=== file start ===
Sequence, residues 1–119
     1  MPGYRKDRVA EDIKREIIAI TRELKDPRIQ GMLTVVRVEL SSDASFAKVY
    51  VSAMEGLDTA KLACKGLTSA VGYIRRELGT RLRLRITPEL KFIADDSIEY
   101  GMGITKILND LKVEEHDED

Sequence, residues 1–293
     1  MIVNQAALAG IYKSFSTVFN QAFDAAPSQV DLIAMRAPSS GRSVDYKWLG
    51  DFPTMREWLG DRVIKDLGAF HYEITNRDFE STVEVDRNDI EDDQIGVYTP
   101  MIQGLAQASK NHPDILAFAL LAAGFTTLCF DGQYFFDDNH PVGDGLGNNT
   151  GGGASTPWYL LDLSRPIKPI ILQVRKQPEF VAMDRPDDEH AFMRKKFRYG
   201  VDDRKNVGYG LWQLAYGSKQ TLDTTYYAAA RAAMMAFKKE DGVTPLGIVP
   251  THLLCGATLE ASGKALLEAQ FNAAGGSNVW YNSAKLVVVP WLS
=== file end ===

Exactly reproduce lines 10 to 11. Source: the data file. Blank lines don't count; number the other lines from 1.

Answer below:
   201  VDDRKNVGYG LWQLAYGSKQ TLDTTYYAAA RAAMMAFKKE DGVTPLGIVP
   251  THLLCGATLE ASGKALLEAQ FNAAGGSNVW YNSAKLVVVP WLS